Digital participatory media offer urban social studies teachers a unique opportunity to foster students' civic skills and public voice while enhancing their understanding of social justice within a democratic society. This article addresses the continuation of a New York City 8th grade U.S. history teacher's journey to use digital tools to foster his students' collaborative and communication skills and to help them learn social justice oriented content. While doing so, he overcame challenges related to technology integration, curricular alignment, selection of appropriate digital tools, and the need to cultivate his students' online academic norms. In doing so, he confronted Livingston's query about whether the use of technology necessitates a “fundamental transformation in learning infrastructure” and the need “to rethink the relations between pedagogy and society, teacher and pupil, and knowledge and participation”. He ended this part of his journey with these new challenges: how to enable his students to become navigators of their learning; ways to align the curriculum with his students' thinking; and, managing a dynamic instructional support system guided by his students' learning. His goal is “to forge a bridge between [his students'] media production and civic engagement'.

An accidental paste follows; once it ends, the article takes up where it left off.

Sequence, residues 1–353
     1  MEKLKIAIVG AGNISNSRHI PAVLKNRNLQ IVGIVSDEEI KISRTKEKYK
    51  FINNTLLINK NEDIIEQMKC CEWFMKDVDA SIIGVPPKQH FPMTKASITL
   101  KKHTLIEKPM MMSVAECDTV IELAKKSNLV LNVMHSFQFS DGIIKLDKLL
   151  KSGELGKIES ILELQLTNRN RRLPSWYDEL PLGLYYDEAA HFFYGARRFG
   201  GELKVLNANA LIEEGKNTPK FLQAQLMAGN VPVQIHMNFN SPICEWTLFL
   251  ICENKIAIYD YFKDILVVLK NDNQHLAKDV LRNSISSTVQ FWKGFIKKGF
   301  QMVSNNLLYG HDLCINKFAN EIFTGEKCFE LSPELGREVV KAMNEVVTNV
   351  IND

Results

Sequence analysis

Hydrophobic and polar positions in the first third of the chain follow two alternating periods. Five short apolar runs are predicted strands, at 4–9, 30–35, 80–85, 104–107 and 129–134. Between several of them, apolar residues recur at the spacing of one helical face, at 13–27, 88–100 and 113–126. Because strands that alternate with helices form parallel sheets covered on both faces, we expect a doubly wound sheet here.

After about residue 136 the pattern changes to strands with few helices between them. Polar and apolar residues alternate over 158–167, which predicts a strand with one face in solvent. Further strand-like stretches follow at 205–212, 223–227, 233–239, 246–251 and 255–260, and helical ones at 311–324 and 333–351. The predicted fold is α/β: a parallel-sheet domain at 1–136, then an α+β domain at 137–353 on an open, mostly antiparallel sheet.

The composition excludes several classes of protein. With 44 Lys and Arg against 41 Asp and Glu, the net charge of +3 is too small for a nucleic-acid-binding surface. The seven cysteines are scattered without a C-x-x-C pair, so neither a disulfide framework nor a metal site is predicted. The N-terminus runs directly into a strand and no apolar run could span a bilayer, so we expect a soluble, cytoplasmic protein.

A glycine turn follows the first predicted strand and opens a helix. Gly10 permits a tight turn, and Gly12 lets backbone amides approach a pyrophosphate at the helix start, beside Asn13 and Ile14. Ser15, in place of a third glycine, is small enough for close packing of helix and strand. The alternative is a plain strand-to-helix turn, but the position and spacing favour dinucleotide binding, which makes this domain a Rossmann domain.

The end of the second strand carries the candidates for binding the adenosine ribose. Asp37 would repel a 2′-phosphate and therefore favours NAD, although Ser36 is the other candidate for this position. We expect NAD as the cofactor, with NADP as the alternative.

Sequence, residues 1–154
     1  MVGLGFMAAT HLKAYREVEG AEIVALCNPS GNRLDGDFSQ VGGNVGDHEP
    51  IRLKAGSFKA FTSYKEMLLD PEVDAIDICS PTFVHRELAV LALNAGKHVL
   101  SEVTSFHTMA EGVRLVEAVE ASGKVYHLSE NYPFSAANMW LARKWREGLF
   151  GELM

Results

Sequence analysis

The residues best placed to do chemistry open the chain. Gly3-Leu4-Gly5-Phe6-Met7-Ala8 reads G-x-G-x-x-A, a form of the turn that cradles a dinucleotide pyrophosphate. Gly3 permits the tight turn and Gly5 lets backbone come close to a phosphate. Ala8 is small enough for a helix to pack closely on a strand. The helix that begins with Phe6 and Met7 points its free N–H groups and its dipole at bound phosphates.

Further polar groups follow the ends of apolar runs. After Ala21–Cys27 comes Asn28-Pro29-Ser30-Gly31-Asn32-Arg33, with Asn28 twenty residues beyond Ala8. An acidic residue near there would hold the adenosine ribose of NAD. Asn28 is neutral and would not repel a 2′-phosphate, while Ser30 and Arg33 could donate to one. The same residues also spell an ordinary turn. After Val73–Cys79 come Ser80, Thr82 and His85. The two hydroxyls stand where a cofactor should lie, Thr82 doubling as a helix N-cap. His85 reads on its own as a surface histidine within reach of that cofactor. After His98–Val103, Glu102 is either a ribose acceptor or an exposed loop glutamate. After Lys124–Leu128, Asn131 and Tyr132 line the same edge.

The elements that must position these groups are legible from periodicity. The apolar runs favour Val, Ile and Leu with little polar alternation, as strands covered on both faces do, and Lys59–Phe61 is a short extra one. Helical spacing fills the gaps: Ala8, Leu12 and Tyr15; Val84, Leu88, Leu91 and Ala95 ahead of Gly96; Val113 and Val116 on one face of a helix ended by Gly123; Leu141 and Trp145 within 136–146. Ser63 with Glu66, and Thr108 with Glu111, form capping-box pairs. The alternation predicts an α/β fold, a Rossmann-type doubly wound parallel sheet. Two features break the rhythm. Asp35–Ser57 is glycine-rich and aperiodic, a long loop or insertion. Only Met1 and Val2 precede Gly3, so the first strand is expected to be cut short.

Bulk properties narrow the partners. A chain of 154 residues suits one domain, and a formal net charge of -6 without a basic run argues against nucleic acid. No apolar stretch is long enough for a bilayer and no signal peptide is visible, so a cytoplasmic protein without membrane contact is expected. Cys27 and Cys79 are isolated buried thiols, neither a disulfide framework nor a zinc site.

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DOI 10.4018/ijcee.2016010103
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